“The problem becomes the stigma and self-ridicule that can be attributed to [the label]says Dr. Nelson. “It may be a way to avoid looking at behaviors that need further treatment when acting in a way that goes against persistent or rational historical behavior.”

Still, since the terminology is a gray area, Wright says it’s best to avoid using these labels altogether when analyzing someone else’s behavior. “It’s really dangerous for people to use them as terms to describe another person; instead, use words to describe what you’re objectively seeing,” she suggests. “For example, ‘she has a very high sex drive’ or she ‘she often has difficulty controlling her sexual urges’, rather than ‘she is a sex addict’”.

What to do if you or someone you know is dealing with hypersexuality, sex addiction, or compulsive sexual behavior

The first thing you’ll want to do is ask yourself if your behavior (or theirs) is harmful. If he discovers that his behavior (or theirs) is negatively affecting someone’s life, desires, and/or intentions, then Wright says that’s the key point at which he should address the behavior.

That said, just because someone’s behavior seems harmful to you doesn’t mean it’s innately so. “Some couples may label something sexually problematic when, in fact, it may fall within the non-pathological range of human sexual behavior, such as masturbation, viewing pornography, or even infidelity,” says Dr. Nelson.

As an example, Dr. Nelson points out that just because someone is cheating in a relationship doesn’t mean they’re a sex addict. “If they’re not doing it repetitively and without considering the consequences, they may not be acting compulsively,” he says. “They could be if they do it to their own detriment and they can’t stop even if they wanted to; it may be compulsive, but this could be a sign of re-enactment of trauma or a symptom of another disorder.”

That’s not to say that these behaviors aren’t painful if you find yourself on the receiving end. “Excessive worry, lack of control, and negative effects on the health and happiness of a person’s life can spell serious trouble,” says Dr. Nelson.

How to deal with compulsive sexual behaviors

If you are experiencing intrusive thoughts, compulsive behaviors, or anything related to sex that is affecting your life or relationships in any way, Wright recommends seeking help. “This way, the topic doesn’t matter, it’s disability,” she explains. “For example, most people experience anxiety. When is the time to get help for such anxiety? When anxiety prevents you from doing things or prevents you from enjoying life. The same with sex.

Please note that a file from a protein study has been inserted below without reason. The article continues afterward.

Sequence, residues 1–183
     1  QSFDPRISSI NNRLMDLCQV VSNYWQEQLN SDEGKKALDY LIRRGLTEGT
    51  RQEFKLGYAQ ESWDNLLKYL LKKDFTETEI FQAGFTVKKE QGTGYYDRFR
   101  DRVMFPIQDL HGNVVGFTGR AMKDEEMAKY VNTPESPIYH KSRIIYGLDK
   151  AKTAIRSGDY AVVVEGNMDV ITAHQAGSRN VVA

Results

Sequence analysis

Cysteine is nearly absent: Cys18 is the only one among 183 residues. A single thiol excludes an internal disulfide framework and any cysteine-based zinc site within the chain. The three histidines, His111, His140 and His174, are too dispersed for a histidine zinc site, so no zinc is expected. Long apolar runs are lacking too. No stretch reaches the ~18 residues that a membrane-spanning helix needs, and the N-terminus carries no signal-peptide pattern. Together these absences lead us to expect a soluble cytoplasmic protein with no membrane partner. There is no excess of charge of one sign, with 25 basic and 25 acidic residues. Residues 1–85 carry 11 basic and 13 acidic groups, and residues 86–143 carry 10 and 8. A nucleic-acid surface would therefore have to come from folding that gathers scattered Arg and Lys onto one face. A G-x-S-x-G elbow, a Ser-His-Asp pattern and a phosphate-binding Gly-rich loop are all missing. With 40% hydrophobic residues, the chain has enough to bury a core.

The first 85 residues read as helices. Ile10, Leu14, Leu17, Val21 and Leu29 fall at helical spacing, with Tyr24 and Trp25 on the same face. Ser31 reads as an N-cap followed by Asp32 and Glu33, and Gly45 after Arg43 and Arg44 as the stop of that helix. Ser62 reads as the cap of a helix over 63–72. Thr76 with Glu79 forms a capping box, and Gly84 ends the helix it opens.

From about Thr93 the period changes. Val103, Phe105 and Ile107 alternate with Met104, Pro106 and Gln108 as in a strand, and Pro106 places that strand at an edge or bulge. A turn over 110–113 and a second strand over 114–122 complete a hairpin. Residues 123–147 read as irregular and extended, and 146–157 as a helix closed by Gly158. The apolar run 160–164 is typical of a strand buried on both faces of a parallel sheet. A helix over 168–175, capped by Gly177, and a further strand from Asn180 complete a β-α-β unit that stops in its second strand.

The benefit of seeking help, in addition to getting help with current symptoms, is that the therapist or doctor will be able to determine if there are other issues at play that might be paying attention to your sexual tendencies. “If a person discovers that he is compulsively repeating behaviors that he cannot stop, it is possible that he has a comorbid problem such as OCD. [obsessive-compulsive disorder] or bipolar disorder, or they could have a problem with alcohol or drugs that is accompanied by sexual behavior,” says Dr. Nelson.

“Therapy, group, inpatient programs, or other support groups to help manage and reduce behaviors can teach people about positive sexuality,” says Dr. Nelson.

Food to go

Sex is a very important part of life. “It’s important to be able to interact with him in a healthy way,” says Wright.

However, at the end of the day, the concept of hypersexuality versus sex addiction versus compulsive sexual behavior remains a highly controversial topic in the medical and psychological communities.

“The concept of sex addiction is constantly debated in the psychological and medical communities; There is simply not enough empirical evidence to support the fact that hypersexuality/sex addiction is a mental illness and many fear that having it as a diagnosis could pathologize very normal people and healthy aspects of human sexuality,” says Wright.

Suffice it to say that when you experience or are subject to persistent sexual behaviors that make you feel restless, your best course of action is to avoid self-labeling and instead seek professional guidance.